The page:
Fallout 4 is a highly anticipated game that will, undoubtedly, be a huge commercial success. Powered by an enhanced version of the Creation Engine, Fallout 4 supports new graphical features and looks better than Skyrim or Fallout 3/New Vegas (vanilla versions). The game has just been released on the PC and it’s time to see how this title performs on the PC platform.
As always, we used an Intel i7 4930K (turbo boosted at 4.0Ghz) with 8GB RAM, NVIDIA’s GTX690, Windows 8.1 64-bit and the latest WHQL version of the GeForce drivers. NVIDIA has not included any SLI profile for this title as of yet, however PC gamers can quite easily enable it. All you have to do is head over at NVIDIA’s Control Panel, find the game, and force “alternate frame rendering 2”. While this is still not a perfect solution, SLI scaling is great for the most part. As you can see below, there are scenes in which SLI scaling drops to 60-70%, so here is hoping that NVIDIA will release an official SLI profile in the next few days/weeks.
Despite the fact that we’re dealing with an open-world title, Fallout 4 is friendly to older CPUs and requires a high-end GPU in order to shine. Bethesda did an incredible work overhauling Creation’s multi-threading capabilities and as a result of that, the game scales on more than four CPU cores. With Hyper Threading enabled, we witnessed even greater scaling to twelve threads, so kudos to the team for improving the most annoying performance issue of Skyrim.
We are also happy to report that the game performs exceptionally well even on modern-day dual-core CPUs. Fallout 4 almost ran with constant 60fps on our simulated dual-core system. There were minor drops to 40-50fps, but that’s really nothing to really complain about (for those gaming on such old CPUs). Ironically enough, Fallout 4 is the third open-world title that does not really require a high-end CPU (Mad Max and Metal Gear Solid V: The Phantom Pain). Whether this has anything to do with the underwhelming CPU raw power of current-gen consoles remains a mystery. Still, this is good news to all owners of older CPUs as they will be able to upgrade to high-end GPUs without the fear of bottlenecking them.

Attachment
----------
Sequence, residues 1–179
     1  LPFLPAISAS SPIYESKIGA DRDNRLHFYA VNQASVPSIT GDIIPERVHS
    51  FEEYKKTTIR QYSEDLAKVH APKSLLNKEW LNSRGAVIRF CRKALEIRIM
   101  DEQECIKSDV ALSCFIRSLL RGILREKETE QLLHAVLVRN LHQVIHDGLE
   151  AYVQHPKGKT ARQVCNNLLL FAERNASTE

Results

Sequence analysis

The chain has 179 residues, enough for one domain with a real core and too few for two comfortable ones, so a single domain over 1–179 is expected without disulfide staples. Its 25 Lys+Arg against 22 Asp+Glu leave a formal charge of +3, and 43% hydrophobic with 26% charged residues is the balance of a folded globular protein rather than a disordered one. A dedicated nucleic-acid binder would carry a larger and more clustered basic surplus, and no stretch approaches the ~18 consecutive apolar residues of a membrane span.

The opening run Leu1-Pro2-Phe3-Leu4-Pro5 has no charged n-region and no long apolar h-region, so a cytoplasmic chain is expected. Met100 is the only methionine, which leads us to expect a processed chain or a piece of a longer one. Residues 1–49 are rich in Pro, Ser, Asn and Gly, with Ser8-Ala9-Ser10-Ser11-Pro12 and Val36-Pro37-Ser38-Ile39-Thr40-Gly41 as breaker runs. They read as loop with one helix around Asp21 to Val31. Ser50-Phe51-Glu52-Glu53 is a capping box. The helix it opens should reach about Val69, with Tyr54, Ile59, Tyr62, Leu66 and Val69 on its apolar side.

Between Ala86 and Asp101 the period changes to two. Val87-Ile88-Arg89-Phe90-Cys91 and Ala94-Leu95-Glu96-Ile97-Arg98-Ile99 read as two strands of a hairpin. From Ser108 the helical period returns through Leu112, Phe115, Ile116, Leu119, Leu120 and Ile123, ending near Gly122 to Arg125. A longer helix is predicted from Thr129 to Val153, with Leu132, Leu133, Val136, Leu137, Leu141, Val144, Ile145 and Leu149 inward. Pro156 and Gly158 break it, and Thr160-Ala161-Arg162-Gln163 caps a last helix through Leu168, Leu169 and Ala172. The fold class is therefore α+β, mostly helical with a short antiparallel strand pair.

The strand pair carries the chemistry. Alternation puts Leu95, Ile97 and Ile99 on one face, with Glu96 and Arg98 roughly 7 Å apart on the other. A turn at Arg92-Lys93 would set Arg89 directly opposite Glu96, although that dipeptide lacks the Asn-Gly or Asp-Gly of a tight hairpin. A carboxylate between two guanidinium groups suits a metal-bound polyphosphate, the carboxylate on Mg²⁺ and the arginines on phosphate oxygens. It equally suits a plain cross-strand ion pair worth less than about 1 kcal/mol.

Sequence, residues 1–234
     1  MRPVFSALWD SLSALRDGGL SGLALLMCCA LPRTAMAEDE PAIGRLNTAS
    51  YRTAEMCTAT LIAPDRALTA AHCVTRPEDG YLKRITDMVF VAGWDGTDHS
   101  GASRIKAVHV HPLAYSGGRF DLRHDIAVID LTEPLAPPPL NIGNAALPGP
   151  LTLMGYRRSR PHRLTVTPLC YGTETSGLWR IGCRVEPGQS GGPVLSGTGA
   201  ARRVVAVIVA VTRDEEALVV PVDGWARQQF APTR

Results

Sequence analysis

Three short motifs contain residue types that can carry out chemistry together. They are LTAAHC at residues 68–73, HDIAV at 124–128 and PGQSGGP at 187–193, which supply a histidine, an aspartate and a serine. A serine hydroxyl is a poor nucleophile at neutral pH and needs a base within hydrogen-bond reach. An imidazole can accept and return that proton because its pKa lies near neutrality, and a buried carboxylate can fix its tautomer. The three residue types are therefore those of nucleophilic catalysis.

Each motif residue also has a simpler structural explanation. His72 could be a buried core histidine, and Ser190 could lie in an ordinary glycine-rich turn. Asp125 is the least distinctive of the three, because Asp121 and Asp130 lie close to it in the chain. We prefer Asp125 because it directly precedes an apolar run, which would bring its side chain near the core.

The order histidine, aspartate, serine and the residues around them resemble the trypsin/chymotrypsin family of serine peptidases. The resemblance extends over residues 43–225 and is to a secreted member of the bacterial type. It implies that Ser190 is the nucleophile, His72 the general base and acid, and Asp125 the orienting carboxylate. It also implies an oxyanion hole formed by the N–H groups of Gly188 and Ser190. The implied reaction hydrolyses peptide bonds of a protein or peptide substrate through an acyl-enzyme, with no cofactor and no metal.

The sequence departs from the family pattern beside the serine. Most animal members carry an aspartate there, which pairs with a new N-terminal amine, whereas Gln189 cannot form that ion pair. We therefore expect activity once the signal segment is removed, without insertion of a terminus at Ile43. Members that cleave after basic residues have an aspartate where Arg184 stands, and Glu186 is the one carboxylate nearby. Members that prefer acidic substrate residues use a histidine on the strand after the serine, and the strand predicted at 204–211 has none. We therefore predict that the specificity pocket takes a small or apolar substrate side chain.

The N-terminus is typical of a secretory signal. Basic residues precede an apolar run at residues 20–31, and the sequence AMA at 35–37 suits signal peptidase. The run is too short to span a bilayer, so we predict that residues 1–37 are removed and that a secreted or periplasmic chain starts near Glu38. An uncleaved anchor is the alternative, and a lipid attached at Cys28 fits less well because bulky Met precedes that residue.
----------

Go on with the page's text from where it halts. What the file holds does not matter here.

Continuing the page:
As we’ve already said, Fallout 4 is a “GPU bound” title. With SLI disabled, a single GTX680 was simply unable to offer a constant 60fps experience at 1080p with Ultra settings. In order to hit that mark, we had to lower our settings to Medium. Those who can deal with various drops to 50fps can enable High settings (but switch their AA option from TAA to FXAA). With SLI enabled, the game ran without major performance issues, though as we already said there were some scenes in which SLI scaling was not as good as we had hoped.
As you may already know, Fallout 4 is locked at 60fps (that is unless you disable Vsync via NVIDIA’s Control Panel. Thanks Sean). And since Bethesda has tied the game’s engine speed to its framerate, we highly recommended leaving that cap in place. Apart from some really weird physics bugs that occurred, we had major syncing issues during dialogues, lock picking becomes really sensitive and ultra fast, and we got stuck/locked after using terminals when we unlocked the game’s framerate. Yes, a higher framerate would be a nice welcome but let’s be honest here; a constant 60fps is not that bad.
Bethesda has included proper on-screen keyboard indicators and PC gamers can navigate all menus with the mouse. However, there is no option to turn off the game’s annoying mouse acceleration or change its FOV. Thankfully, as we’ve already reported, there are workarounds to these issues. Still, some proper in-game options would be nice. Oh, and there are no in-game graphics options. This means that in order to find the ideal options for your own PC system, you will have to completely exit the game, tweak its graphics options, and re-launch it.
Graphics wise, Fallout 4 looks way better than what we all initially thought. Fallout 4 does not come close to the visuals of The Witcher 3: Wild Hunt, however it’s far from being described as an “old-gen” title. Bethesda has implemented physically based rendering, volumetric lighting, screen space ambient occlusion and screen space reflections, as well as a new cloth simulation system. The end result is pleasing to the eye, though there are some shortcomings here and there. For instance, there is noticeable pop-in even with Ultra settings enabled. Moreover, the difference between Medium and Ultra textures is as minimal as it can get. And the dog looks awful compared to the wolves of The Witcher 3: Wild Hunt or to DD of Metal Gear Solid V: The Phantom Pain.
All in all, Fallout 4 is a nice surprise. While the game does not sport the best visuals we’ve ever seen in an open-world title, it – more or less – does its job. Fallout 4 does not require a high-end CPU even though it’s an open-world game and scales incredibly well on multiple CPU cores. Bethesda has implemented a lot of modern-day graphical techniques and since the game is open to mods, we expect to see some really incredible things in the next couple of months.
There are some minor path-finding issues and it’s really annoying that there is a 60fps cap, however the PC version of Fallout 4 is stable, more polished and was released in a better state than Skyrim. So well done Bethesda, though let’s hope that you will release some patches to address the minor issues currently affecting the PC version.
Those interested can purchase this game from GMG via the following button.